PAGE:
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On trial

September 5, 2011

Former Icelandic Prime Minister Geir Haarde is the world's first political leader to face charges over the 2008 financial meltdown. He has asked for the charges to be dismissed.

Former Prime Minister of Iceland Geir Haarde
Haarde has described the case against him as a farceImage: picture-alliance/dpa

The trial of Iceland's former Prime Minister Geir Haarde, the world's first political leader to face charges over the 2008 financial meltdown, opened in Reykjavik on Monday.

The now 60-year-old former leader appeared confident as he arrived at the Icelandic capital's Culture House, where the trial is being held. Haarde is facing charges of gross negligence for his handling of the 2008 crisis.

Haarde is being put on trial by a special court set up to try current or former cabinet ministers for any alleged wrongdoing while in office. It's the first time a current or former minister has been put on trial and it comes after a parliamentary report released last year blamed a total four politicians, including Haarde, for contributing to the country's economic collapse which saw all of Iceland's major banks fail in the fall of 2008. As a result the banks were effectively nationalized when they were placed under the control of the Icelandic Financial Supervisory Authority.

Only one charged

However, the country's parliament, now controlled by a center-left bloc, voted last September to hold only the former prime minister and leader of the centre-right Independence Party to account.

Iceland's current finance minister, Steingrimur Sigfusson, who has been one of Haarde's harshest opponents, recently told the AFP news agency that it was important to put the former prime minister on trial because he had failed to do his job at a crucial time.

"When it became clear we were heading towards catastrophe ... the record shows very little was done to avoid it," Sigfusson said.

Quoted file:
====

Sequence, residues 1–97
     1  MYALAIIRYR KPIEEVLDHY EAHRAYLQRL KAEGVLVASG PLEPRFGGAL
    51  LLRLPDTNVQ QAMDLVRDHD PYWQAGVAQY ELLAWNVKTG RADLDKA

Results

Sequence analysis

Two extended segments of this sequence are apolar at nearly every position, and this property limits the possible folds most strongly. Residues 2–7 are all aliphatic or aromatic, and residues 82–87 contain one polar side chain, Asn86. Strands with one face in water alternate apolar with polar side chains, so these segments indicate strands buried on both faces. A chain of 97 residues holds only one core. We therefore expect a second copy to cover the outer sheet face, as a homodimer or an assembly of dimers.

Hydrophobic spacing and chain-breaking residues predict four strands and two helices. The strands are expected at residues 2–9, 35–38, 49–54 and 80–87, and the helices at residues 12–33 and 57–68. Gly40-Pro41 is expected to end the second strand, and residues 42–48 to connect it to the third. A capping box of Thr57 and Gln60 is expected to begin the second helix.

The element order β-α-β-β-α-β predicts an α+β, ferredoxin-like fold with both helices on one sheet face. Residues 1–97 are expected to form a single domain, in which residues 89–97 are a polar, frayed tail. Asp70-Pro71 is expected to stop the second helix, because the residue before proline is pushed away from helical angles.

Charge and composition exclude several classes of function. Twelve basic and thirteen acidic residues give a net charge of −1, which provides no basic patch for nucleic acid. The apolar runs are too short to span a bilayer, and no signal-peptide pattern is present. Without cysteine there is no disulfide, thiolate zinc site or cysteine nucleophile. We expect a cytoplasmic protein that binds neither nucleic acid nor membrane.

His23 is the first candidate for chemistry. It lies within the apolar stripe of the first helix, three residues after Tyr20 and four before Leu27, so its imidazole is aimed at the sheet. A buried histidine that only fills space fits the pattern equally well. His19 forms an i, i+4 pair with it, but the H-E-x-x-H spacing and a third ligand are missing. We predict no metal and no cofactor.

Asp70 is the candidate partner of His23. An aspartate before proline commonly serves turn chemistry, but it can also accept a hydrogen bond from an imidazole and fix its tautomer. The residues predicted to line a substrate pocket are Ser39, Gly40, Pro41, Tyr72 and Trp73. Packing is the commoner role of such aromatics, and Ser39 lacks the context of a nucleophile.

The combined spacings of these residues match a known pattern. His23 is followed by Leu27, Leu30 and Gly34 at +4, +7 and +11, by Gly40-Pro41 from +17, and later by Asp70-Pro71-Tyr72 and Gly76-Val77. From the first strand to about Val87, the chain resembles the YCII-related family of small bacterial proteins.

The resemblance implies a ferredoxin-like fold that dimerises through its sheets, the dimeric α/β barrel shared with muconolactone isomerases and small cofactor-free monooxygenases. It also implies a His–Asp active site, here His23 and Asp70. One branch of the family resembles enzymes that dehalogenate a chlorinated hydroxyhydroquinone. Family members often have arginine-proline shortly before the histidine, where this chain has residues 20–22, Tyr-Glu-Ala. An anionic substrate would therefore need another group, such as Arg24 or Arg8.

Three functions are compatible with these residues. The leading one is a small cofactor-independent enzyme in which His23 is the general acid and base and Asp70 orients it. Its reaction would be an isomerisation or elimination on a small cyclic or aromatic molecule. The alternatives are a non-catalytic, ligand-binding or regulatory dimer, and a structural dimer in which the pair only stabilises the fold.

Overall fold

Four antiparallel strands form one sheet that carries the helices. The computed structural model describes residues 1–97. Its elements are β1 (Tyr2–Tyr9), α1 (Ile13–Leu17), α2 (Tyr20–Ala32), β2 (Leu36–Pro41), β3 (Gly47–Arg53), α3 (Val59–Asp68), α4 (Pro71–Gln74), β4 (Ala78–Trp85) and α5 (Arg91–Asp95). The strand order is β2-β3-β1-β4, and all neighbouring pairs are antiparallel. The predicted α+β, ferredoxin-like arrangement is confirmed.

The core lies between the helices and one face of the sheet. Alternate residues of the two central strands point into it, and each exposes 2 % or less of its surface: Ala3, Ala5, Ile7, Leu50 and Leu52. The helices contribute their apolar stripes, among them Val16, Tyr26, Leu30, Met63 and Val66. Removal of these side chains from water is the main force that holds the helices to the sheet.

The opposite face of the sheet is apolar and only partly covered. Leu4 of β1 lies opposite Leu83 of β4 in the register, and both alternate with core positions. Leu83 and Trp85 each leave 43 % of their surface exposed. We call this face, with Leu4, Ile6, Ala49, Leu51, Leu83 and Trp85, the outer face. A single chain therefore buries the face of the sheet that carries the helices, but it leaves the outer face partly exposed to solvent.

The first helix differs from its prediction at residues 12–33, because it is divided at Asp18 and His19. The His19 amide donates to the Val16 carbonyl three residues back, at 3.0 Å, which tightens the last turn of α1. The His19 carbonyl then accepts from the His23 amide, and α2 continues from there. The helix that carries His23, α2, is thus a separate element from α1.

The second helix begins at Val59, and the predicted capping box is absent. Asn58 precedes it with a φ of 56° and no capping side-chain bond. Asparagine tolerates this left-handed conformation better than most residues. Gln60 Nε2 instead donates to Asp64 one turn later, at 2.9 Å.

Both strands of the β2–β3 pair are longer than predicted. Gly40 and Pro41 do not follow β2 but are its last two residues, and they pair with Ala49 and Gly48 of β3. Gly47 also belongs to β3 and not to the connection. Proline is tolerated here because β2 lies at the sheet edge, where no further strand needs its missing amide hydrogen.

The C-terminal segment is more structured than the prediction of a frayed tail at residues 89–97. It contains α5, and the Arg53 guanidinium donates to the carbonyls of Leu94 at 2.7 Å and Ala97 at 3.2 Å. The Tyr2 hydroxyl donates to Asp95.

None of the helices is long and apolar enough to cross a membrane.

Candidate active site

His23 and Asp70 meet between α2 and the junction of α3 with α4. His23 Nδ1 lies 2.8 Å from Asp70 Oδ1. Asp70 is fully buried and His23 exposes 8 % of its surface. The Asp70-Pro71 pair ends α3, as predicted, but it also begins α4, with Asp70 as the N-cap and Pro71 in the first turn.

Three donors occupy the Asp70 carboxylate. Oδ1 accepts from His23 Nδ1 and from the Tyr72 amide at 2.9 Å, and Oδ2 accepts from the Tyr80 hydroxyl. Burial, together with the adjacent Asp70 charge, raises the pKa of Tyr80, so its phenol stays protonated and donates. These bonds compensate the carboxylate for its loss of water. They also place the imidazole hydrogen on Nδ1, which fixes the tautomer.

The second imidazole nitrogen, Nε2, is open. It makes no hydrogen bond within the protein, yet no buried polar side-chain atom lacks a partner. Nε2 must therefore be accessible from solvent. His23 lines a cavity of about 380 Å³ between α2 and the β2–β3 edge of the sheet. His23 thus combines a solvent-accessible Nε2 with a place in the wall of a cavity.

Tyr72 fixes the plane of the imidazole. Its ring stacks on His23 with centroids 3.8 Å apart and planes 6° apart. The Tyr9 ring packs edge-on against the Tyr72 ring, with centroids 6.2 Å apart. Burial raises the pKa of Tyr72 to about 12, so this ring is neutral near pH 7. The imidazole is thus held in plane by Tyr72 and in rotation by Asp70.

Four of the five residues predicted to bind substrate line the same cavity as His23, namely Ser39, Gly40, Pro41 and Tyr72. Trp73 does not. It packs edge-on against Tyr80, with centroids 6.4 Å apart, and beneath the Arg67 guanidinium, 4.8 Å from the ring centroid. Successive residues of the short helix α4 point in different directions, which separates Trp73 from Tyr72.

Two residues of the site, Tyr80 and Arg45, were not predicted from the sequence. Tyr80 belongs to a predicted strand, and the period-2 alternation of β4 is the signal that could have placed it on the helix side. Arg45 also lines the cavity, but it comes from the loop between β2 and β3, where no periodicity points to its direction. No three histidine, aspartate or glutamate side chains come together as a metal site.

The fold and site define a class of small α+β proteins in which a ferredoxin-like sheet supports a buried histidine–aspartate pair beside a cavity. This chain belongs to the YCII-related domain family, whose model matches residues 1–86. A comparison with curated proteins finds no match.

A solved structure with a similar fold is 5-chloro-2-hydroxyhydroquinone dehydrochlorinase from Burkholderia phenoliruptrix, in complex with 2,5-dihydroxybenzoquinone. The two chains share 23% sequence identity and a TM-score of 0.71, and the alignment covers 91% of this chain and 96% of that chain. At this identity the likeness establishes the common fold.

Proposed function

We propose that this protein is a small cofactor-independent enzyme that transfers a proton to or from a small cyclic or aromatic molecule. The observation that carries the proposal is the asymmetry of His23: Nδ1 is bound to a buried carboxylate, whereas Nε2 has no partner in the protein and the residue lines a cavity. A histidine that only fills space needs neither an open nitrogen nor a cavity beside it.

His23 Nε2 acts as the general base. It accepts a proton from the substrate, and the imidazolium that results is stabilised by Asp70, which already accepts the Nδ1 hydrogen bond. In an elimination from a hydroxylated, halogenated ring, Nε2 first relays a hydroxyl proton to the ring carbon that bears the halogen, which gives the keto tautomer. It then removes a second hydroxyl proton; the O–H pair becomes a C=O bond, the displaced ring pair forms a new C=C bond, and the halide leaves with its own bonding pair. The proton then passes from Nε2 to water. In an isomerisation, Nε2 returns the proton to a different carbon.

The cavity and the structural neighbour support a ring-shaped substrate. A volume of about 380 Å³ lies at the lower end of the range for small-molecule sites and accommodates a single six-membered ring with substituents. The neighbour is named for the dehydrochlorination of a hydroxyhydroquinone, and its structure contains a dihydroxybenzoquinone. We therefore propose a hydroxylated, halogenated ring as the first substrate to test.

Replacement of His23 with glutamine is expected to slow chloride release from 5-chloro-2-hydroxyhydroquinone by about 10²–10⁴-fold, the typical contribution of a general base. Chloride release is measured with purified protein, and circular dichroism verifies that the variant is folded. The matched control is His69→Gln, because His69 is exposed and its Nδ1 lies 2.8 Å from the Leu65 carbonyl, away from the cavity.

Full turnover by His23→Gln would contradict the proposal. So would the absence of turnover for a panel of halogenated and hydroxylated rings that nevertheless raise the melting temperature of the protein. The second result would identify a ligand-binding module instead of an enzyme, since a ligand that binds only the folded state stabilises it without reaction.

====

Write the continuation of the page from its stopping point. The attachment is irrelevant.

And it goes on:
Seeking a dismissal of the charges

Protesters in a crowd
Iceland's bank crisis sparked anti-government protestsImage: AP

The former prime minister has described the case against him as a "farce," and on Monday his legal team asked the court to dismiss the charges, arguing, among other things, that parliament had ignored the constitutional rule of equal treatment under the law when it decided to indict just one of the four cabinet ministers blamed by the parliamentary report.

According to Karl Blöndel of the Morgunbladid newspaper, many people in Iceland think the former premier may have a point.

"Geir Haarde was the only one parliament decided to put on trial...the ministers from the Social Democratic Party were also implicated in this whole thing and parliament decided not to put them on trial," he said.

"From the outset this has been a little bit tainted in the minds of many Icelanders, that one party decided to spare its own but to put the prime minister that governed with him in front of the firing squad."

Haarde's legal team also argued that the rules of procedure in the special court were unclear, and that there were no specific arguments to back up his indictment.

Blöndel agrees that the vagueness of the charges against Haarde could pose a problem for the prosecution, saying that while there are general complaints against him, it may be difficult to find any individual laws that apply in this case.

"I think that is the breach that will be hard to bridge," he said.

Still optimistic

Following Monday's two-and-a-half hour hearing, Haarde remained upbeat.

"I've always been a very optimistic man," he told AFP. "It's no fun to have to deal with a matter like this ... [but] everything has gone well."

Haarde's legal team has already failed in two previous attempts to have the charges dismissed. The court is expected to take a number of weeks to rule on whether to dismiss the charges or let the case against Haarde proceed.

Author: Chuck Penfold
Editor: Martin Kuebler